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    • cdm44
    • By cdm44 8th Sep 17, 1:49 PM
    • 5Posts
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    cdm44
    Advice - tactics for buying house
    • #1
    • 8th Sep 17, 1:49 PM
    Advice - tactics for buying house 8th Sep 17 at 1:49 PM
    We are trying to buy a house that has been on the market for 10 months and had 2 price reductions when we viewed it. It needs loads of work, which we have roughly priced up ourselves.
    Our original offer was 86% of the asking price. This was rejected. We upped it to 91%. This was also rejected without any counter, but the vendors reduced their asking price so that our second offer (which we left on the table for a couple of weeks) is now 95%.
    We had put an expiry of today and I just spoke to the agent. They had apparently recommend the vendor accept our 95% offer but the vendors still want to test the market at their new-ish lower price.
    The agent is sort of encouraging us to put a bit more in and says he'll do his best to get them down. But they haven't ever given a counter offer.
    I asked how much more "market testing" they're looking for, and he said 3/4 weeks.
    Any advice on how to play it? I was wondering about a token increase if they accept it today - e.g. up to 96%? And/or saying that we'll leave less on the table if they don't accept our offer...
Page 2
    • Crashy Time
    • By Crashy Time 4th Oct 17, 2:54 PM
    • 5,006 Posts
    • 2,157 Thanks
    Crashy Time
    You are probably too attached to the house, and probably over-paying anyway? Got a link?
    • Quizzical Squirrel
    • By Quizzical Squirrel 4th Oct 17, 3:24 PM
    • 109 Posts
    • 4,043 Thanks
    Quizzical Squirrel
    The thing with these low offers is that they affect the seller's confidence in you.

    Even if you come up to a higher price, they know you're likely to try and get closer to your original price by hook or by crook.
    They know what might happen when that survey comes in.
    They may fear you're going to play games on exchange day.
    They think this because you've told them what you think the house is really worth.

    Almost all sellers are now, or were once, buyers too.
    They guess what you're thinking because they've had the same thoughts themselves.

    This is the risk you take with a low offer.
    You might genuinely mean to stick to the higher offer price.
    But you're going to get the side-eye.
    • Crashy Time
    • By Crashy Time 4th Oct 17, 3:29 PM
    • 5,006 Posts
    • 2,157 Thanks
    Crashy Time
    The thing with these low offers is that they affect the seller's confidence in you.

    Even if you come up to a higher price, they know you're likely to try and get closer to your original price by hook or by crook.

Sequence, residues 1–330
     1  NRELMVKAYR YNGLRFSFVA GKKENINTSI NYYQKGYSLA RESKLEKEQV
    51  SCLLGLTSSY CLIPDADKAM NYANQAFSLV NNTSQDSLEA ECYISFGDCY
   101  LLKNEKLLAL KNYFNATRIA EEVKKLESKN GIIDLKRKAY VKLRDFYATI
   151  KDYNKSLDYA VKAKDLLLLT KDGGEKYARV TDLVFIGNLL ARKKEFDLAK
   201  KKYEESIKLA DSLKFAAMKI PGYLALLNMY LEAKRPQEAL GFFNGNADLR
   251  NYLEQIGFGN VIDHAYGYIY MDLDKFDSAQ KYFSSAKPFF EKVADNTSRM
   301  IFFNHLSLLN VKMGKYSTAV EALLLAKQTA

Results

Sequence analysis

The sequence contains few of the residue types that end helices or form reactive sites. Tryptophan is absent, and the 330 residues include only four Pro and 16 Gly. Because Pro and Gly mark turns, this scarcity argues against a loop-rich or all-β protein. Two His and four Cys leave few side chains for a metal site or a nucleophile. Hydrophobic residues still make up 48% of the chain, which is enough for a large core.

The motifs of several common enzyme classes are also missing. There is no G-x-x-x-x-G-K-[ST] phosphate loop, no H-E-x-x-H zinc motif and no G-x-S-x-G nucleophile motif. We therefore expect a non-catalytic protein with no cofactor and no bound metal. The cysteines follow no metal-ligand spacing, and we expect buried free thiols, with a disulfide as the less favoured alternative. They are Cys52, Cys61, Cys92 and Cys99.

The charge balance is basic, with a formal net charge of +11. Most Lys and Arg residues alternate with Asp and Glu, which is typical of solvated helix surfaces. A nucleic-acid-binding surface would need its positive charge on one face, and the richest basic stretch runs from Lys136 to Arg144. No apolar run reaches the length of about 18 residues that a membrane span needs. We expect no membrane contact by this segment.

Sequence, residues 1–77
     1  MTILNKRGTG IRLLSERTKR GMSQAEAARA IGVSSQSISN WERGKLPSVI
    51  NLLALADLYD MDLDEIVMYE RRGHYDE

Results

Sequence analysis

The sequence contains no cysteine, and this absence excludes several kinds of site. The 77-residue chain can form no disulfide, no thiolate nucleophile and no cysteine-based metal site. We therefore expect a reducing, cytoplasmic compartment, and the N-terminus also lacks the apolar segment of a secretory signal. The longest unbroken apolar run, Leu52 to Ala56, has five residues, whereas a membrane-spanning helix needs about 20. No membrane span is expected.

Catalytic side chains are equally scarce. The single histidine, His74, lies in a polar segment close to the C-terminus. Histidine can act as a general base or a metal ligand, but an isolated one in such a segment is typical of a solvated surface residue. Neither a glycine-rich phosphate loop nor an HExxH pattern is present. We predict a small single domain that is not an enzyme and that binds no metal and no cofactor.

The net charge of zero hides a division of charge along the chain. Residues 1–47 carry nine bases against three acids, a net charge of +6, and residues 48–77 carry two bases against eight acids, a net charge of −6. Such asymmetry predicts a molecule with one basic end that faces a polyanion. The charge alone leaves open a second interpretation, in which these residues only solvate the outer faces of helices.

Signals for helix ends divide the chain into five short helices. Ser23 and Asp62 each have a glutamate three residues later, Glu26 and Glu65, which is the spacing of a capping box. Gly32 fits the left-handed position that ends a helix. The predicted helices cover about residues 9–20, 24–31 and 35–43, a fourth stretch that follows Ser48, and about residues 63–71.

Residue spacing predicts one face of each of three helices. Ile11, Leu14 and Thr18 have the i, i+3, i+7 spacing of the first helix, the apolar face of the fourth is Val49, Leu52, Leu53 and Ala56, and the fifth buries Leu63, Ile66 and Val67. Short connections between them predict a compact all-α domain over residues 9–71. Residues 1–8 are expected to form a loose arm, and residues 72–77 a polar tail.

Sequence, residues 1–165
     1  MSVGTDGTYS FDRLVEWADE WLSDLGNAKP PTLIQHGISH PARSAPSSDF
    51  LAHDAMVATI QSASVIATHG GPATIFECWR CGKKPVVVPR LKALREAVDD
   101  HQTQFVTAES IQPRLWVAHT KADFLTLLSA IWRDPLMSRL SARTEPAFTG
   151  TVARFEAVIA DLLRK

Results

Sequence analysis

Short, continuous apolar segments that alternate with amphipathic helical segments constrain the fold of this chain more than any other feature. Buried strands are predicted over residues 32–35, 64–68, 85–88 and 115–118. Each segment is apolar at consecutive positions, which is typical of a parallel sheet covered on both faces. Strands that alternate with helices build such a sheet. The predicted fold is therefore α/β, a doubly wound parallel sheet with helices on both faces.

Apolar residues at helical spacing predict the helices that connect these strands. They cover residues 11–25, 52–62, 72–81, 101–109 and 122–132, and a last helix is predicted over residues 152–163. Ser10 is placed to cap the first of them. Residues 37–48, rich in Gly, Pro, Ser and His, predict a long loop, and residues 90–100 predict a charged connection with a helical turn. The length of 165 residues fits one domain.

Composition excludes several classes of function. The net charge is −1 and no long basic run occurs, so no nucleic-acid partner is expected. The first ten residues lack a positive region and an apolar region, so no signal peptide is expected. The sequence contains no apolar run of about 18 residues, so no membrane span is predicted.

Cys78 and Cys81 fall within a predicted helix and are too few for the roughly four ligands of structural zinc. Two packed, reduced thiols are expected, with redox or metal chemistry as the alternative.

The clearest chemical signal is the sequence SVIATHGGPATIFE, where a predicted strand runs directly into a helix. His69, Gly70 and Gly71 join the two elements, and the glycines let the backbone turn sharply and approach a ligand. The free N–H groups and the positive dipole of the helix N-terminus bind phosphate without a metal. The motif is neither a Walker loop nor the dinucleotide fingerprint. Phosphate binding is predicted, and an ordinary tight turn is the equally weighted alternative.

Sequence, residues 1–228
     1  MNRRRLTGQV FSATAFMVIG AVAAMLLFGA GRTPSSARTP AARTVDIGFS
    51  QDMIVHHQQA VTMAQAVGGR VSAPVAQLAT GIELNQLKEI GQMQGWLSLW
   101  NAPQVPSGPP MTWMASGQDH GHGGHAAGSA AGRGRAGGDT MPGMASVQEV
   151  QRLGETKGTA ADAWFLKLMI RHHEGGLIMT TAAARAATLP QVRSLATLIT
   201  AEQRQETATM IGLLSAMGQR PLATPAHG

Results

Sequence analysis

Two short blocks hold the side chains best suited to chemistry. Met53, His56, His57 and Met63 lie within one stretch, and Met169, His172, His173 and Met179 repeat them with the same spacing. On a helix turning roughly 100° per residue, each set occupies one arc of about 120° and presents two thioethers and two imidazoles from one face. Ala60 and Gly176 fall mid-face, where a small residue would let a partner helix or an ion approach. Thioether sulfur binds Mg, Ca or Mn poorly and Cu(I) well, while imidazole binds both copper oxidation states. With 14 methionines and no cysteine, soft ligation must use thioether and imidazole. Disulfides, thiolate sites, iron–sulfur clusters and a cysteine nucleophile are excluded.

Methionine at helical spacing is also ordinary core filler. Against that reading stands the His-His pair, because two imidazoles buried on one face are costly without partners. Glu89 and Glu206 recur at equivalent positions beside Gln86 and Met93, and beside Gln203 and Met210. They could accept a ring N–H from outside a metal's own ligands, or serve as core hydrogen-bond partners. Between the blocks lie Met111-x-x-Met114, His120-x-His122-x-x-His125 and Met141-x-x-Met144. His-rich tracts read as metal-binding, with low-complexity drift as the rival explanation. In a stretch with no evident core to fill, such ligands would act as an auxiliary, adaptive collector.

They know what might happen when that survey comes in.
    They may fear you're going to play games on exchange day.
    They think this because you've told them what you think the house is really worth.

    Almost all sellers are now, or were once, buyers too.
    They guess what you're thinking because they've had the same thoughts themselves.

    This is the risk you take with a low offer.
    You might genuinely mean to stick to the higher offer price.
    But you're going to get the side-eye.
    Originally posted by Quizzical Squirrel

    Most of that probably goes out the door when you have been waiting 10 months for a buyer though
    • cdm44
    • By cdm44 4th Oct 17, 8:23 PM
    • 5 Posts
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    cdm44
    Thanks for the message.
    I don’t think we have put in a low-ball offer! Our first one was 90% of their current asking price, made after 10 months with only one other offer! We’ve always been told if something sticks around for too long, it’s too expensive...
    • cdm44
    • By cdm44 4th Oct 17, 8:24 PM
    • 5 Posts
    • 0 Thanks
    cdm44
    And if you’re suggesting that we’d gazunder to the original offer, I wouldn’t dream of it. I’ve been gazumped once and wouldn’t think of doing it to someone else, either buying or selling. A deal is a deal.
    • -taff
    • By -taff 4th Oct 17, 8:43 PM
    • 7,429 Posts
    • 4,870 Thanks
    -taff
    We offered on one huse with problems and kept looking believing the problems weren't going to be sorted.
    We offered on another property. The EA kept pushing us and pushing us to offer more and more, which we did to start with. Then I looked at the top pice that the house would achieve if it were in good condition and found the top price was what they were asking us to pay for a property that need a lot of work.
    The property was a probate property, the vendors didn't live there, they just wanted top dollar and were prepared to wait.
    We rescinded our offer.. The EA was not pleased.

    Problems with the original house were sorted, we moved in there.
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